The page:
The New Statesman has a transcript of this speech - and interesting reading it makes. Here we have a Conservative Prime Minister who readily admits he is not 'flavour of the month' where he and his party is concerned, who admits he should show a tad of humility - then forgetting both points and pleading with the Scottish people not to take away any more of the dictatorial power he has left.
Bearing in mind that last point, Cameron may be doing something rare for him in that when he talks about not being in Scotland to make a case on behalf of his party, its interests or its approach to office - he may well be telling the truth. It is a pity that he could not add that he was not there for personal political reasons either. I find his statement that the United Kingdom isn't just some sort of deal, to be reduced to the lowest common denominator, a tad odd when is that not just what our Masters in Brussels are aiming for with their programme of regionalisation? Is it not the EU's aim to remove the nation state, thus making us all 'EUians'? With typical Cameron aplomb we then have the suggestion that any referendum should be 'in/out', with a discussion on what powers would be devolved afterwards. So a man who cannot keep a 'cast-iron' promise is asking people to accept an unspecified promise? We all know that Cameron has a background in PR - it is now becoming clear that where PR is concerned, PR relates to being a Prize Rat.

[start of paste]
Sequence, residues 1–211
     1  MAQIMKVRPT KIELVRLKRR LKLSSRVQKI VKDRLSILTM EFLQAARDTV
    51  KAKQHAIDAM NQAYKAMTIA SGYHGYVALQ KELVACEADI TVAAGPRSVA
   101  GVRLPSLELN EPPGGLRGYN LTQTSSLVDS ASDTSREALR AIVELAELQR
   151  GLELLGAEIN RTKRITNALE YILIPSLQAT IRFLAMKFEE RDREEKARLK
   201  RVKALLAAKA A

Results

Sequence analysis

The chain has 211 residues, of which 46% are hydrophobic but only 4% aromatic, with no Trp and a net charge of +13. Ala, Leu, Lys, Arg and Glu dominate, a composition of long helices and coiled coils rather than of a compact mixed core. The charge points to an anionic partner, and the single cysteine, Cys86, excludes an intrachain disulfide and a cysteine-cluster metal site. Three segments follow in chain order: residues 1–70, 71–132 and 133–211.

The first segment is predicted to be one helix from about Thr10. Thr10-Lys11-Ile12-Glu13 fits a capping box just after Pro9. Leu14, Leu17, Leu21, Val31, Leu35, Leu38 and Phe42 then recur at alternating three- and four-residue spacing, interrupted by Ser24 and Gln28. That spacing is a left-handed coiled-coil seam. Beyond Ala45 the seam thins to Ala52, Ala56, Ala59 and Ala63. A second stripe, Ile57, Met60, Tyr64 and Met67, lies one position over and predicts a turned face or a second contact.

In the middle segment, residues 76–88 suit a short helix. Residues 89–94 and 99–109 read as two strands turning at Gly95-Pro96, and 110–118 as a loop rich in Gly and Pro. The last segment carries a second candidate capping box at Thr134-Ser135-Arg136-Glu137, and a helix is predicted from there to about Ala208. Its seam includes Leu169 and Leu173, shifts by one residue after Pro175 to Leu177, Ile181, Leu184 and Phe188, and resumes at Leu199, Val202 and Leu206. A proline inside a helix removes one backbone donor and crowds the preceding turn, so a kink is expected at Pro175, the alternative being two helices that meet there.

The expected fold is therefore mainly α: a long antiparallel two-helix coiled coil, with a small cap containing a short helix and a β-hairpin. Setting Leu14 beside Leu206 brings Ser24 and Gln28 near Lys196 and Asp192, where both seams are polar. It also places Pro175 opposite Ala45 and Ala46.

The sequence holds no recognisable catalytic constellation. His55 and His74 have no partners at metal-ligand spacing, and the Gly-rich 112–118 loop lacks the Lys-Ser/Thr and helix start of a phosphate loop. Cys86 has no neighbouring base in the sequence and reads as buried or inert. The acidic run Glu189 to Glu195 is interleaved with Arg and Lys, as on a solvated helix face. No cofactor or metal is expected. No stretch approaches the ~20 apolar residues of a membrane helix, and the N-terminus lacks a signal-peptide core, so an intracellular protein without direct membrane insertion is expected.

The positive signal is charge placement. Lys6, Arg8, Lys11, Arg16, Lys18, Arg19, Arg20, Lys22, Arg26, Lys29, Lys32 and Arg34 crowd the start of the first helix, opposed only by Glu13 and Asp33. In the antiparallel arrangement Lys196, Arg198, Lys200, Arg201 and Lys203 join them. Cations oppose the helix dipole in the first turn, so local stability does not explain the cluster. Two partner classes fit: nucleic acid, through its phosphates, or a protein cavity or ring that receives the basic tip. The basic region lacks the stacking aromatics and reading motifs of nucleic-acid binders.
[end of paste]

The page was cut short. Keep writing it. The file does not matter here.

Then we have the other 'actor' in this saga, Alex Salmond, who in common with all politicians wants to be 'top dog' in his own country, yet who with his wish to be part of the EU, cannot see that he would then no longer be 'top dog'. To be fair one cannot blame Salmond for his attempted 'power grab' when idiots like Blair open the bottle and let the genie out - leaving his successors the problem of trying to control it.
There is of course yet another legal 'problem' in that it was the United Kingdom who joined what was then the EEC and it could be argued that if Scotland were to leave the United Kingdom would not what remained - and I'm not sure what it would be called - have to then re-apply under its new name, as would Scotland. That would surely mean a referendum would have to be held, something Cameron will shift heaven and earth to avoid - so it is no surprise he doesn't want Scotland to leave the United Kingdom. On the point of the legalities involved, no doubt far better brains than mine will be able to enlighten us on the legalities that a break-up of the UK viz-a-viz the EU would pose.
Needless to say the entire question of the United Kingdom remaining 'united' could easily be solved with the introduction of direct democracy - of which, more later........
Change of URL
6 years ago